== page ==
With three other professors and a member of the staff, I'm helping to facilitate an Iraq War Discussion Group where I teach. It's an official course, but it's worth only 1/4 of the academic credit usually earned in a course, it's graded on a pass/fail basis, and it meets only once a week. We try to talk about our various responses the war but also to present information about the history of the region (going back to antiquity), the British involvement during and after World War I, and the U.S. involvement in Iraq for decades. Of course we also talk about events, issues, and controversies related to the war as they arise, including those connected to the presidential primaries in the U.S.
Today we talked a bit about the first Gulf War. One of the professors, a political scientist, mentioned that he is reading a book in which a CBS "60 Minutes" interview with then-Secretary of State Madeline Albright is mentioned. The interviewer, Leslie Stahl, first notes that by most estimates, the international sactions against Iraq in the 1990s had directly or indirectly caused the death of an estimated 500,000 Iraqi children. She then asked Madeline Albright if this loss of life was worth what the sanctions were aiming to achieve. The Secretary of State answered, "Yes."
My colleague also mentioned that the U.S. had not only supported Iraq's regime during Iraq's war with Iran but that it had also, essentially, looked the other way while Saddam Hussein used chemical weapons against the Kurds. He suggested that the U.S.'s "looking the other way" (my term, not his) might have contributed to Saddam Hussein's sense that the U.S. would not react to his invading Kuwait--an invasion that led, of course, to the first Gulf War, and later to the sanctions--and ultimately, I suppose, to the current war, for it seems the second president Bush believed he had to finish the war begun by the first presdient Bush. Precisely why the U.S. invaded Iraq the second time, I still don't know. Plausible reasons range from oil to Bush II's need to prove something to trying to introduce American-style capitalistic democracy to the region. Implausible reasons now include the weapons of mass destruction, which did not exist. A reason invented after the fact is that Saddam Hussein was a terrible, murderous dictator. The facts suggest he was indeed that, but Bush, et al., did not at first use that as a reason to start the war. Only after the weapons of mass destruction proved illusory (or always were illusory, as Colin Powell's "testimony" to the U.N. suggested, from the first) did this reason form part of a retroactive argument. There was also an assertion about Iraq's connection to terrorists who attacked the U.S., but that connection proved to be flimsy, at best. A reason to perpetuate the war now advanced (by McCain and others) is that to leave would embolden terrorists who are now in Iraq, but a counter-argument is that the terrorists would not be there if the U.S. hadn't invaded in the first place.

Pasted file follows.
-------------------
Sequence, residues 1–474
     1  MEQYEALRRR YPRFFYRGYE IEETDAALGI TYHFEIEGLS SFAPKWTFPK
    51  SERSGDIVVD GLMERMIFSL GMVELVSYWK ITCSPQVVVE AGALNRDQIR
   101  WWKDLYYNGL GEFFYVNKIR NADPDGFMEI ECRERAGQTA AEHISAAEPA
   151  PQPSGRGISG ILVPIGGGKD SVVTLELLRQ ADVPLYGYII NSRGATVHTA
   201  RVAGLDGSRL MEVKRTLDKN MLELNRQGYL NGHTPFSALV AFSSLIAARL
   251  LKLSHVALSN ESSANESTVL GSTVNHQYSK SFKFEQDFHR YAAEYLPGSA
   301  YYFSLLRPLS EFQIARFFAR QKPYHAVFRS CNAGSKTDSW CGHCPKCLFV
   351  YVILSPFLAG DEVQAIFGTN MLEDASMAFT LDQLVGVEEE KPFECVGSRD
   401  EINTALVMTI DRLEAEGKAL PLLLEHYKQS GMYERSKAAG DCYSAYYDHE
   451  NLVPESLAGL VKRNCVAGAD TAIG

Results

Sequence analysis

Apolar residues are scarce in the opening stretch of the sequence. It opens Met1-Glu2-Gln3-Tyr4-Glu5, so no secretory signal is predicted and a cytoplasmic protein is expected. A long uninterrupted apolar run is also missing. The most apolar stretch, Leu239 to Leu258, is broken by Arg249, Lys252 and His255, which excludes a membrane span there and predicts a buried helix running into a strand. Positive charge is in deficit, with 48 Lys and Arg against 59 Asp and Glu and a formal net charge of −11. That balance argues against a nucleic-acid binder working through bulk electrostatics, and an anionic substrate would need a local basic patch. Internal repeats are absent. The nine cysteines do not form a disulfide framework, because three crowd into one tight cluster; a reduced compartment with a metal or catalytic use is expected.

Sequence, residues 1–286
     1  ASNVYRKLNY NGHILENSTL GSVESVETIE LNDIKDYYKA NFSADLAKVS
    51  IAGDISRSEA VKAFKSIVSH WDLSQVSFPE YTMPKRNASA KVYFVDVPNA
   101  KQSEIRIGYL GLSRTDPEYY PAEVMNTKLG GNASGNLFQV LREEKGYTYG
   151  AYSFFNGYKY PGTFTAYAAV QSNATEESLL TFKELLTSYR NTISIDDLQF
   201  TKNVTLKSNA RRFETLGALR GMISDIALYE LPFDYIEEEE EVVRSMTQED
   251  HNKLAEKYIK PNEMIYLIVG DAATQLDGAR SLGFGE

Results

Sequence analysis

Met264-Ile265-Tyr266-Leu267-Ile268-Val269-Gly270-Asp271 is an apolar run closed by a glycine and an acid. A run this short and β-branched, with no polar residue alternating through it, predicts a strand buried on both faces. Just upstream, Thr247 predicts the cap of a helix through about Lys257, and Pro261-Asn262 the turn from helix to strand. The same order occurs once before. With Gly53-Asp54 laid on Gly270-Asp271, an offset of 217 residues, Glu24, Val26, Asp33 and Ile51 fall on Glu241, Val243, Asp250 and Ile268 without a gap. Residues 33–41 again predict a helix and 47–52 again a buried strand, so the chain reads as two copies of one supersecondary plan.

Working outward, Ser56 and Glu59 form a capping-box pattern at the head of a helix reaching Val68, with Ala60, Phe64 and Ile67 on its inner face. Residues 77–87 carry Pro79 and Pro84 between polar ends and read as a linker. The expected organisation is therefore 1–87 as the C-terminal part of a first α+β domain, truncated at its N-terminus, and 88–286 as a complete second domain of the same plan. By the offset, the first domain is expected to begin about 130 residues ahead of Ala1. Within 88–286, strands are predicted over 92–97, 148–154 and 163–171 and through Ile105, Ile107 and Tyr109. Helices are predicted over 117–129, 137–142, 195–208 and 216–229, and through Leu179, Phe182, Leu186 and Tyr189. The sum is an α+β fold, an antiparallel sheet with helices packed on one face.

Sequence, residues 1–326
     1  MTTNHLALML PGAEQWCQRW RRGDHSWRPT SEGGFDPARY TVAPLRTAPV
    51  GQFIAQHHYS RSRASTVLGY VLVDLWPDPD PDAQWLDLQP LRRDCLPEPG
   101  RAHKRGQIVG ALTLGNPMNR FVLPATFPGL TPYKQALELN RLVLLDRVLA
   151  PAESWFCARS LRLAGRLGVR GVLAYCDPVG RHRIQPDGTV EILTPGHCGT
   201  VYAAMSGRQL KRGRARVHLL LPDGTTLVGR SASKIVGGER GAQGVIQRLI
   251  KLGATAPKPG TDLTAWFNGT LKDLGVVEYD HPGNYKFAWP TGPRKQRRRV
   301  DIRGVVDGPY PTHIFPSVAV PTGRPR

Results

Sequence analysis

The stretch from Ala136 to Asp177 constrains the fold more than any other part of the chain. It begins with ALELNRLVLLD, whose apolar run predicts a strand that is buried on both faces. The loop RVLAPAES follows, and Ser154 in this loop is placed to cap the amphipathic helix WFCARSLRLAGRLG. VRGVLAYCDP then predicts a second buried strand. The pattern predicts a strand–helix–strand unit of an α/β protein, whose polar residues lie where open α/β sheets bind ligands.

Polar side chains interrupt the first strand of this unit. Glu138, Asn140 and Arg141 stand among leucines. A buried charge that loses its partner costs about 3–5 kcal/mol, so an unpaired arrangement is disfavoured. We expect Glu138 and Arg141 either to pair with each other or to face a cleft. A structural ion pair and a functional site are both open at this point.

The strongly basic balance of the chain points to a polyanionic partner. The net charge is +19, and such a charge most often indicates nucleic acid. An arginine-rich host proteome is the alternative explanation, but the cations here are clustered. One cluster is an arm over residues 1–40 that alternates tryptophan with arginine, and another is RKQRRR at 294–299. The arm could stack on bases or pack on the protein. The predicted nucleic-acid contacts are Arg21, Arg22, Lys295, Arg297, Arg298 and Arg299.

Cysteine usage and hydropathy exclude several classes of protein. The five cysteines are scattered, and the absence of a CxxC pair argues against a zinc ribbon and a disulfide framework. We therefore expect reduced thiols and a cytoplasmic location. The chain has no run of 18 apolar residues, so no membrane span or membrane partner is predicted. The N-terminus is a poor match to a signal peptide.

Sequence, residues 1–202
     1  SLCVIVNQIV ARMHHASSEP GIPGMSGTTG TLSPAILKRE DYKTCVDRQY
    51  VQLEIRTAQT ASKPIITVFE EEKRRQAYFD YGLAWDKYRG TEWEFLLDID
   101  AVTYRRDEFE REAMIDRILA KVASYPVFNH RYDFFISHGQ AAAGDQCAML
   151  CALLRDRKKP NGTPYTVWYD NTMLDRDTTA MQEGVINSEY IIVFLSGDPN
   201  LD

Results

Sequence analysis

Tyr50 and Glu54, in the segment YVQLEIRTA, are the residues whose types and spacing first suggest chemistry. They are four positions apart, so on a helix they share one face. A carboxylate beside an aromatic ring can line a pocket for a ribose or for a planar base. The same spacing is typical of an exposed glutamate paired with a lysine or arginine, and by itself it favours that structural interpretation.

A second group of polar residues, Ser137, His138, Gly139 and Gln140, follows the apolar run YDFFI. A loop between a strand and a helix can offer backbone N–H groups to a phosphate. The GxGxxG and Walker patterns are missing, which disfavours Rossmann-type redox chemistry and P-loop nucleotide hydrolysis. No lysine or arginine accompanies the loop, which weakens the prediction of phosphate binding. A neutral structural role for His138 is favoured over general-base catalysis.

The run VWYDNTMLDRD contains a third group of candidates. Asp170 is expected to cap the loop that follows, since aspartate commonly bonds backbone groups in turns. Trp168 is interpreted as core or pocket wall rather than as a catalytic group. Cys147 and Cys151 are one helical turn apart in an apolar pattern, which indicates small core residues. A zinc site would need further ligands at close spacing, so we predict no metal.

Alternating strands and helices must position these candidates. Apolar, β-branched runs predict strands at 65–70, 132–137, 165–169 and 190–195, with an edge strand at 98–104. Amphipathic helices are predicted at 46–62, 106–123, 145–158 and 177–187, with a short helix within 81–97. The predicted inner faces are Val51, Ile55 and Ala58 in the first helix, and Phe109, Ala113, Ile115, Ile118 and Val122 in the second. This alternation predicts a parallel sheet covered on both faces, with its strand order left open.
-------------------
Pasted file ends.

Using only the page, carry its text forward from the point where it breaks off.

There's no good way to create a transition from these topics to a poetic one, so I will simply and abruptly mention that the site and project, Poets Against the War, is in its 7th year and has accumulated roughly 22,000 poems from around the world, as well as publishing an anthology, supporting politically oppressed writers worldwide, and continuing to express a variety of views against the war in Iraq. The site's main page also points to selected poems it receives each month, and for November 2007, there is mention of a poem by an alum of our university and a former student of mine, Sarah Borsten.
The link to the main page of Poets Against the War is http://www.poetsagainstthewar.org/,
and Sarah's poem is mentioned on the left-hand column.